Whether subsidies paid to corporations in money or in the form of grants of land or other physical property constitute taxable income has also concerned the Court. In Edwards v. Cuba Railroad,33 it ruled that subsidies of lands, equipment, and money paid by Cuba for the construction of a railroad were not taxable income but were to be viewed as having been received by the railroad as reimbursement for capital expenditures in completing such project. On the other hand, sums paid out by the Federal Government to fulfill its guarantee of minimum operating revenue to railroads during the six months following relinquishment of their control by that government were found to be taxable income. Such payments were distinguished from those excluded from computation of income in the preceding case in that the former were neither bonuses, nor gifts, nor subsidies, that is, contributions to capital.34
Other corporate receipts deemed to be taxable as income include the following:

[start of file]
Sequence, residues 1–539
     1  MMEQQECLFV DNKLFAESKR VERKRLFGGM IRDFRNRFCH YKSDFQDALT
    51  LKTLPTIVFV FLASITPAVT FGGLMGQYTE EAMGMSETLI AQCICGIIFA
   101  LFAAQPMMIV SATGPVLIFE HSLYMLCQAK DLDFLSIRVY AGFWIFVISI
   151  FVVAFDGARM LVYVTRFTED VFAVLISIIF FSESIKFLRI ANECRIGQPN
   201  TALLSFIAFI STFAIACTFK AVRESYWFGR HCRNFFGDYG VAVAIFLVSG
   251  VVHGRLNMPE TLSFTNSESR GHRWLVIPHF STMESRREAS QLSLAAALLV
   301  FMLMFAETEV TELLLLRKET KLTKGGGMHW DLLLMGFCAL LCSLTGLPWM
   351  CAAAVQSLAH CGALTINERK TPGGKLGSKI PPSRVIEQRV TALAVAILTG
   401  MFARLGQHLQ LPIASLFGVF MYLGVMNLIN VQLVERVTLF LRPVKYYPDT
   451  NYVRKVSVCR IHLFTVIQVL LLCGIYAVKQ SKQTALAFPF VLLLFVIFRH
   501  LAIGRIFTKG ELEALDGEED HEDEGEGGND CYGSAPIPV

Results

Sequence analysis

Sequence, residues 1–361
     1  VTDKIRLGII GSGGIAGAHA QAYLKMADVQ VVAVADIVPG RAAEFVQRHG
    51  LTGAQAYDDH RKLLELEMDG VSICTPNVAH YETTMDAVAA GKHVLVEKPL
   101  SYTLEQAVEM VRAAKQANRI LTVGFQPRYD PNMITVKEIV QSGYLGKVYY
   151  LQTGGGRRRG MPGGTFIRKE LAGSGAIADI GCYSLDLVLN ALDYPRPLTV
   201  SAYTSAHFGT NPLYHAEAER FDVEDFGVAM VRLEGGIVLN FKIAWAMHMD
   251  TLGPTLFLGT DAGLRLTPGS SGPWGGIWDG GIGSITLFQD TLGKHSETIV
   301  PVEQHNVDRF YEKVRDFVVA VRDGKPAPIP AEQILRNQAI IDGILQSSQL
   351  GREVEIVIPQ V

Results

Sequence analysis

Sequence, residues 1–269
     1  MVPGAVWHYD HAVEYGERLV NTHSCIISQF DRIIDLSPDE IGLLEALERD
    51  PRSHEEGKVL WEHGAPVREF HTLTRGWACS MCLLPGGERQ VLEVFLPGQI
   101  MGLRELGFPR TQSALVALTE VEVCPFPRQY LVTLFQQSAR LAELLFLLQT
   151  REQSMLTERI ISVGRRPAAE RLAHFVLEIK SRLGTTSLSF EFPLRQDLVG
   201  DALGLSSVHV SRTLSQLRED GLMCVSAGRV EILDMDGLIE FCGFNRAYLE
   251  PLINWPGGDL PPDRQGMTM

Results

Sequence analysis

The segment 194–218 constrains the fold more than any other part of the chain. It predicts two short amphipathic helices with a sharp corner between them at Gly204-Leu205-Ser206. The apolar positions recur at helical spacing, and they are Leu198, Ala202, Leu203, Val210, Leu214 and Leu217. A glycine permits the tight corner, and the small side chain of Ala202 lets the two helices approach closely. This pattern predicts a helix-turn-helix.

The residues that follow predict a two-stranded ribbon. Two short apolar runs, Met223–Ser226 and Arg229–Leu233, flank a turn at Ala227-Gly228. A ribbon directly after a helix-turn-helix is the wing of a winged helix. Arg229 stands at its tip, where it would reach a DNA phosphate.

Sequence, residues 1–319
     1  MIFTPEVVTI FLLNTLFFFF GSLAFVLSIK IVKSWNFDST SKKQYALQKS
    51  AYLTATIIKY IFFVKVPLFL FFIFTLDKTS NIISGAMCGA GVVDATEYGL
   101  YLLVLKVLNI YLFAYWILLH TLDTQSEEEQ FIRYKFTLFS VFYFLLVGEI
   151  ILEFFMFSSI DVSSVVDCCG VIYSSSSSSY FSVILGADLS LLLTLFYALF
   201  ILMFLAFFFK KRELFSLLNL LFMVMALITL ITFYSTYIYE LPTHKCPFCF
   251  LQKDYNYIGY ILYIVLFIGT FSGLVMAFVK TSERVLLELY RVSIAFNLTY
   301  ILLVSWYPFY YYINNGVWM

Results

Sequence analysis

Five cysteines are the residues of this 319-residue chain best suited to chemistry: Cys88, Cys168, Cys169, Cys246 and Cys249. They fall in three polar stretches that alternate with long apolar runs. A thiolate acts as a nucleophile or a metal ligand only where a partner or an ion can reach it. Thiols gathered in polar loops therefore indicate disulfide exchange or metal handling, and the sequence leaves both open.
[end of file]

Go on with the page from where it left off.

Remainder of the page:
Although "economic gain is not always taxable as income, it is settled that the realization of gain need not be in cash derived from the sale of an asset."39 Thus, when through forfeiture of a lease, a landlord became possessed of a new building erected on his land by the outgoing tenant, the resulting gain to the former was taxable to him in that same year.
"The fact that the gain is a portion of the value of the property received by the . . . [landlord] does not negative its realization. . . . It is not necessary to recognition of taxable gain that . . . [the landlord] should be able to sever the improvement begetting the gain from his original capital. Hence, the taxpayer was incorrect in contending that the Amendment does not permit the taxation of such [a] gain without apportionment amongst the states."40
Consistent with this holding, the Court has also ruled that, when an apartment house was acquired by bequest subject to an unassumed mortgage, and several years later was sold for a price slightly in excess of the mortgage, the basis for determining the gain from that sale was the difference between the selling price, undiminished by the amount of the mortgage, and the value of the property at the time of the acquisition, less deductions for depreciation during the years the building was held by the taxpayer. The latter's contention that the Revenue Act, as thus applied, taxed something that was not revenue, was declared to be unfounded.41